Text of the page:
- Zimbabweans travelling home for the holidays need a negative Covid-19 certificate in both directions.
- The certificate costs at least R850 in South Africa and about R920 in Zimbabwe, and some say they cannot afford it.
- Home Affairs minister Aaron Motsoaledi says the rule will be strictly enforced.
For many Zimbabweans, the cost of the Covid-19 tests necessary to cross the border will make the annual return home unaffordable.
Many Zimbabweans staying and working in South Africa travel back home at the end of the year to spend the Christmas and New year holidays with their families. But several told GroundUp they would not be able to afford the test which both the Zimbabwean and South African governments demand.
Zimbabweans travelling home must present a negative Covid-19 test not older than 48 hours. The test costs R850 in a private laboratory. “If you want to travel to another country, yes you need a Covid-19 certificate. It is your own private thing so you can visit private laboratories for the Covid-19 test and get a certificate,” said Thilivhali Muavha, spokesperson for the Limpopo health department. “Public hospitals do not do that.”
On their return to South Africa, travellers from Zimbabwe must present a negative test not older than 72 hours. That test costs $60USD (around R920).
At a meeting in Musina on 27 November, Minister of Home Affairs Aaron Motsoaledi and Zimbabwean Minister of Home Affairs and Cultural Heritage Kazembe Kazembe said the regulations must be followed.
“We are going to be demanding Covid-19 certificates,” said Motsoaledi.
Marvelous Moyo, who runs a food stall near the South African gate, said since March this year she had not been able to afford to visit her family in Masvingo because lockdown had affected her business.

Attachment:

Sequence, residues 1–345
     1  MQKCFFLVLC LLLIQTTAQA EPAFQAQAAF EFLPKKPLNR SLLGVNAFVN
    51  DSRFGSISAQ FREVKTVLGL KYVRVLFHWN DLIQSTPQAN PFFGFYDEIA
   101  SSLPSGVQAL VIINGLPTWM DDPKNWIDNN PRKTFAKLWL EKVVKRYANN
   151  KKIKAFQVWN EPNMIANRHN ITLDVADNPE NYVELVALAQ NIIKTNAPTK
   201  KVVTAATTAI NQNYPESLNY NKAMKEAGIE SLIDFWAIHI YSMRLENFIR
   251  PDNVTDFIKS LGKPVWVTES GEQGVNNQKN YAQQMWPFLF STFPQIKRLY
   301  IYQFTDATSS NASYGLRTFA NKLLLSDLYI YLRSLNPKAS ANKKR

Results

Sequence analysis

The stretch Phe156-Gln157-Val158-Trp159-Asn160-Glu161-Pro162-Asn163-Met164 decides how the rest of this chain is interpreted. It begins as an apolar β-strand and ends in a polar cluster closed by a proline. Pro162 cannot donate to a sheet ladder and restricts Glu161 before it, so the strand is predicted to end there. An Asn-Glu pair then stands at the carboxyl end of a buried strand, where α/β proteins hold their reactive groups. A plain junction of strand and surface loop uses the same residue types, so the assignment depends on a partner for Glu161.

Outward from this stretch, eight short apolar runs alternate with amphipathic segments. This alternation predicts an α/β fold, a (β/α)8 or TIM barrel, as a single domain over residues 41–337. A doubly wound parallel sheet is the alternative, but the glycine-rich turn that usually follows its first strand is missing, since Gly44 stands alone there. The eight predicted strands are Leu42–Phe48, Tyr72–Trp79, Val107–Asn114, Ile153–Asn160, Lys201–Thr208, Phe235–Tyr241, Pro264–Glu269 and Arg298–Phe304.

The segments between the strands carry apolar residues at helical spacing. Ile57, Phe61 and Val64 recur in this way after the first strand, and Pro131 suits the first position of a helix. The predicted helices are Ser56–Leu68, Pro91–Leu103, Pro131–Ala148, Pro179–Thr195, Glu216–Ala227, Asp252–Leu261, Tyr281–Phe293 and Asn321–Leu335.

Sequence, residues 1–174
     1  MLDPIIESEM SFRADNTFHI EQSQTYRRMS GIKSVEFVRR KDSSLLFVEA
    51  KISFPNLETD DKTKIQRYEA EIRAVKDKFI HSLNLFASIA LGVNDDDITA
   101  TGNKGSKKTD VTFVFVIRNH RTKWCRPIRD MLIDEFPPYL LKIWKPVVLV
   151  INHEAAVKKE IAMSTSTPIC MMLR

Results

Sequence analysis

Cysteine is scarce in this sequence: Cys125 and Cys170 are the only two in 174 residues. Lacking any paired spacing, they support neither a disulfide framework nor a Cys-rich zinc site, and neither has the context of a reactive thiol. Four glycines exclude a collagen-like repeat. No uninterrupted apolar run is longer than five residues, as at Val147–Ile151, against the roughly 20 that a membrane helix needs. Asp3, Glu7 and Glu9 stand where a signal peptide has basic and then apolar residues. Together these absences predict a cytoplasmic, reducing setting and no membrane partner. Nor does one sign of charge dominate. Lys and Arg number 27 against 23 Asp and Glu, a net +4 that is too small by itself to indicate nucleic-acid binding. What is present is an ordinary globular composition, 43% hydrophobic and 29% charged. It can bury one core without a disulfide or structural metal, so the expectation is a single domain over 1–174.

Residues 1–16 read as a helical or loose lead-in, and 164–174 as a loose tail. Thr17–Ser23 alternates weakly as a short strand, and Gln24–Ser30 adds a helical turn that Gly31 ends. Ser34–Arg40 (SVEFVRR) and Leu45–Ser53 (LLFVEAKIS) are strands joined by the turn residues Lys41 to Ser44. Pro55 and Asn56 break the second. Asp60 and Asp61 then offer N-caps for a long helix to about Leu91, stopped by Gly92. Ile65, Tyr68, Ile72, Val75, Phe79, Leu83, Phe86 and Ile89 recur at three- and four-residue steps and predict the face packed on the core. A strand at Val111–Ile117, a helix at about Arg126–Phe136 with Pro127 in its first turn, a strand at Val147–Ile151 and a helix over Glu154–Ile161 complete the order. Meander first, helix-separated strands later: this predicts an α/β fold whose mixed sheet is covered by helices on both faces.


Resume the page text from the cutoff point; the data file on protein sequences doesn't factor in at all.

“Though borders were opened for us to travel back home I could not travel back home. My only means of sustaining a living is through selling food at this place. The little money I am getting since we were allowed to go back to business is not enough to meet the travel costs including Covid-19 certificates.”
I wish both governments would drop this requirement because I really need to visit my family,” said Moyo.
Another Zimbabwean trader, Ruth Chirinda, also expressed concerns about the certificate. “I really miss my three children who are being taken care of by my mother. Since March I could not travel back home. Now it is December time I need to spend the holiday with the family,” said Chirinda. Other Zimbabweans told Groundup they would use illegal routes to return home.
Speaking to the media Kazembe said, “We need to save lives. This pandemic is real. We urge our citizens to plan their trips. If you know you want to travel in a couple of weeks, just do what is expected of you so that you do not have challenges at the border.”
“Now that the borders are open it is not going to be free for all,” said Motsoaledi. “We are going to be very strict.” He said there would be joint operations involving the SANDF, SAPS, municipal police and SARS to minimise illegal crossing. And measures were in place to detect fake Covid-19 certificates, he said.
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